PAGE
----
Dual US Objective: Finding Bin Laden and Restraining the Russians

If, as US defense secretary Donald Rumsfeld and Joint Chiefs of Staff General Richard Myers claim, most of the objectives of the three-day US air raids over Afghanistan have been accomplished, then why must the strikes go on “more or less around the clock”? as the secretary put it.
The question exercising most military experts consulted by debkafile is: Why do US generals believe it necessary at this point to carry out a level of “carpet” bombing never directed against Saddam Hussein’s Baghdad or Milosovic’s Belgrade? After all, how many strategic targets does Afghanistan have? The answer has little to do with military tactics. According to debkafile ‘s military and intelligence sources, at the moment of writing, the Americans have no idea where Osama Bin Laden, the terrorist they are after, is hiding.
On Sunday, October 7, exactly 1 hour and 50 minutes before the first US air bombardment, two light planes took off from Kahandar airport, without lights. They appeared on the radar screens of US attacking bombers for five minutes before vanishing, never to be traced until now. According to the intelligence coming in from Kandahar to US intelligence, those small, shadowy aircraft carried Bin Laden, the Taliban leader Mullah Mustafa Omar and their top lieutenants to a secret destination. The ease of their escape bears testimony, according to military observers, to the long-term planning capabilities of Bin Laden’s military advisers. On the assumption that the US bombardment would be executed primarily by heavy B-52 bombers and a small number of B-1 craft, they waited for the first sortie to pass and the sky left clear, before taking off into the dark yonder.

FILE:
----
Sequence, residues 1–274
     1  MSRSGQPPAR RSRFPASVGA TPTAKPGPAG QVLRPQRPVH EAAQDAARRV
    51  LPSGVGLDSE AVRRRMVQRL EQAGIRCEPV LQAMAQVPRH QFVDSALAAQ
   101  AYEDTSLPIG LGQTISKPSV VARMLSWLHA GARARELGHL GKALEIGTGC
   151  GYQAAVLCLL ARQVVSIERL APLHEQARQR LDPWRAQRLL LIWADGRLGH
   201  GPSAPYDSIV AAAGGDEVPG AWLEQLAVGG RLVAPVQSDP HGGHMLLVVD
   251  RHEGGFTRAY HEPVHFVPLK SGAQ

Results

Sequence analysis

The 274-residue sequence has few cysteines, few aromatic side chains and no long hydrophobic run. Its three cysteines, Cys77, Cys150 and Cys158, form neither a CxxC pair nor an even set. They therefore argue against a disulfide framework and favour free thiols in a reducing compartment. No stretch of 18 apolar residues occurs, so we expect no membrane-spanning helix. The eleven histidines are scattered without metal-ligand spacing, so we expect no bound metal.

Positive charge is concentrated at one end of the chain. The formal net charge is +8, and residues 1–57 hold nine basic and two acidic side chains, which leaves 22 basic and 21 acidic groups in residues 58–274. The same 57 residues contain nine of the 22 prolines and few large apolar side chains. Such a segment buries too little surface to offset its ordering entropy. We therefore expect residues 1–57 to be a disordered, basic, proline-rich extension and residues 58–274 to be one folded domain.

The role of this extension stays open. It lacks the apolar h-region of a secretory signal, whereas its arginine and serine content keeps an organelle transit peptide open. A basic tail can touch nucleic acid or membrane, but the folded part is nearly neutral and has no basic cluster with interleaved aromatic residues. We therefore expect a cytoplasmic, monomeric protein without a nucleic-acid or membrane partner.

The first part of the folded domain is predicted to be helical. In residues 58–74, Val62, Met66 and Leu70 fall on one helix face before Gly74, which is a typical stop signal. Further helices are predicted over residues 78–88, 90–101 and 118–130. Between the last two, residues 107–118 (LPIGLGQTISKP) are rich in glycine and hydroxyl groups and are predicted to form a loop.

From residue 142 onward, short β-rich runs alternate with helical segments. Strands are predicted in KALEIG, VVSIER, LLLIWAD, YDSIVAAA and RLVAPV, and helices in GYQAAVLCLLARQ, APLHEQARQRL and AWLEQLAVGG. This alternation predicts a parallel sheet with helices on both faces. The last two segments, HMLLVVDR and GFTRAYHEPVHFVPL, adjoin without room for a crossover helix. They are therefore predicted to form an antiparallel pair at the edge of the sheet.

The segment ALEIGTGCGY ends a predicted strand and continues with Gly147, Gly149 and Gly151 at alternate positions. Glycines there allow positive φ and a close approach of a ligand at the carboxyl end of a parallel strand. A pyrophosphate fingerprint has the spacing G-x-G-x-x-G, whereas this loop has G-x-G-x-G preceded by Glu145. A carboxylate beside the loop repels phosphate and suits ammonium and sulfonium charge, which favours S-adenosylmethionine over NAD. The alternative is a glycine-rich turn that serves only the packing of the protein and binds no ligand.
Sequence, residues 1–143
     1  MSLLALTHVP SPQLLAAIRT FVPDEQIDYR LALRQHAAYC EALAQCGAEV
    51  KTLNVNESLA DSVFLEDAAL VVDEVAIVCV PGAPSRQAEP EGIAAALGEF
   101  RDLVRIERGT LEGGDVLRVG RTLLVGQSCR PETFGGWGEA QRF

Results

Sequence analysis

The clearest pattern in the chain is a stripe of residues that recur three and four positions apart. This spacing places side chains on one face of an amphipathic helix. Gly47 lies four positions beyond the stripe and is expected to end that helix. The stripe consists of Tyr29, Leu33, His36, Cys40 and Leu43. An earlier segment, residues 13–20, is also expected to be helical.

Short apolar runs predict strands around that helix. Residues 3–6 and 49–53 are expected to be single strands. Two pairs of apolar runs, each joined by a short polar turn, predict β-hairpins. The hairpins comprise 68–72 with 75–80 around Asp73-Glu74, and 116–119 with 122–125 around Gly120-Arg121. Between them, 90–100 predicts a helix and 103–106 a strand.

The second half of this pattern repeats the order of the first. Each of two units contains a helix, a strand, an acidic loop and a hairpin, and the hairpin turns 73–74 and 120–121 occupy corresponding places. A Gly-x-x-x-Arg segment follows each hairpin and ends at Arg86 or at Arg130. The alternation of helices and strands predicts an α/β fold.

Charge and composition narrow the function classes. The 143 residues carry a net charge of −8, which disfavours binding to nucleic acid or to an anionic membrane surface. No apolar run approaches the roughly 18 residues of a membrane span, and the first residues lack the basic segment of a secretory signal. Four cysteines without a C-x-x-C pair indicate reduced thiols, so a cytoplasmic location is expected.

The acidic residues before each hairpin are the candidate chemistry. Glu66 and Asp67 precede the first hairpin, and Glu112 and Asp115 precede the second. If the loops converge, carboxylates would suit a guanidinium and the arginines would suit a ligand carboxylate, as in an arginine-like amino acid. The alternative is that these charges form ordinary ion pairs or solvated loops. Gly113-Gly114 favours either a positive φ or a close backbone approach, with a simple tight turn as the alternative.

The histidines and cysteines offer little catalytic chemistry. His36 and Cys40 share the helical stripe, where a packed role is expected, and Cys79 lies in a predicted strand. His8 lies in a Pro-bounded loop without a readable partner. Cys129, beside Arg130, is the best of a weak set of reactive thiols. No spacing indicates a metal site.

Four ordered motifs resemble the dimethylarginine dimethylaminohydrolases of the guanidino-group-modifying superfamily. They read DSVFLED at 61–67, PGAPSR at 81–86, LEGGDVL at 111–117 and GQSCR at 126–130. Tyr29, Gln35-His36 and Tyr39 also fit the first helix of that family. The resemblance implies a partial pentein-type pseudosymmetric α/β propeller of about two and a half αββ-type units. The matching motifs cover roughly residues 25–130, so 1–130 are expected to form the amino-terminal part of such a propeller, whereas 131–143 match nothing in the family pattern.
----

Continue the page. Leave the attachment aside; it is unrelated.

debkafile‘s military experts presume that the two fugitive craft headed north to a secret landing strip as yet undiscovered by US satellites in the Hindu Kush mountains. For the time being, therefore, the Americans have run out of strategic targets in Afghanistan, except at the cost of heavy civilian casualties. Their plan therefore is to keep the aircraft up over the mountains around the clock in the hope of spotting “emerging targets”.
But the Americans have a second reason for maintaining a round-the-clock air presence: the secret Russian plan they have got wind of. Our military sources and informants in Moscow reveal that the tanks, the APCs and the self-propelled artillery Moscow gave the forces of the anti-Taliban Northern Alliance are in fact manned by Russian troops. Altogether three armored brigades of the 201rd Russian Motorized Rifle Division are now poised on the outskirts of Kabul, planning to enter the Afghan capital ahead of US forces.
This exercise would repeat the gambit the Russians pulled in the 1999 Kosovo War, when they beat NATO to the draw by taking over Kosovo’s main airport before the alliance had a chance to effect a troop landing there.
By their round-the-clock bombing threat, the Americans hope this time to deter the Russians from jumping in first again.
But who knows? Bin Laden might find himself fighting the Russians again – this time against the Americans to boot. In Afghanistan anything can happen.

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